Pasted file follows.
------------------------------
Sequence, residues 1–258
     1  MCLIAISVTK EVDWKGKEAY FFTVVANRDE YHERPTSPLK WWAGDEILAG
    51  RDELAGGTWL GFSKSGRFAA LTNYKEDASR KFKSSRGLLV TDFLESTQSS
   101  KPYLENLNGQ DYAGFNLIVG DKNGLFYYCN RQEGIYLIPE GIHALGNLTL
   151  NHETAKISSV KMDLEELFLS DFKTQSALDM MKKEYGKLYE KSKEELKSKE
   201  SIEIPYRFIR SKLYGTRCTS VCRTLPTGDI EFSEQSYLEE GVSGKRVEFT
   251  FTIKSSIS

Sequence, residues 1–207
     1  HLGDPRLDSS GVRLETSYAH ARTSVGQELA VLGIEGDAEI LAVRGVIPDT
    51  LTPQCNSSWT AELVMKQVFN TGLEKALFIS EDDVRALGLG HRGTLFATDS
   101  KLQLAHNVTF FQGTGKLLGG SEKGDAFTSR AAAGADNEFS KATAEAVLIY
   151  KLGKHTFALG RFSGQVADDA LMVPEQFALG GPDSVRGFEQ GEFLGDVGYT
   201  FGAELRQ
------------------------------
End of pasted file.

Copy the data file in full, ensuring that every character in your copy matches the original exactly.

Sequence, residues 1–258
     1  MCLIAISVTK EVDWKGKEAY FFTVVANRDE YHERPTSPLK WWAGDEILAG
    51  RDELAGGTWL GFSKSGRFAA LTNYKEDASR KFKSSRGLLV TDFLESTQSS
   101  KPYLENLNGQ DYAGFNLIVG DKNGLFYYCN RQEGIYLIPE GIHALGNLTL
   151  NHETAKISSV KMDLEELFLS DFKTQSALDM MKKEYGKLYE KSKEELKSKE
   201  SIEIPYRFIR SKLYGTRCTS VCRTLPTGDI EFSEQSYLEE GVSGKRVEFT
   251  FTIKSSIS

Sequence, residues 1–207
     1  HLGDPRLDSS GVRLETSYAH ARTSVGQELA VLGIEGDAEI LAVRGVIPDT
    51  LTPQCNSSWT AELVMKQVFN TGLEKALFIS EDDVRALGLG HRGTLFATDS
   101  KLQLAHNVTF FQGTGKLLGG SEKGDAFTSR AAAGADNEFS KATAEAVLIY
   151  KLGKHTFALG RFSGQVADDA LMVPEQFALG GPDSVRGFEQ GEFLGDVGYT
   201  FGAELRQ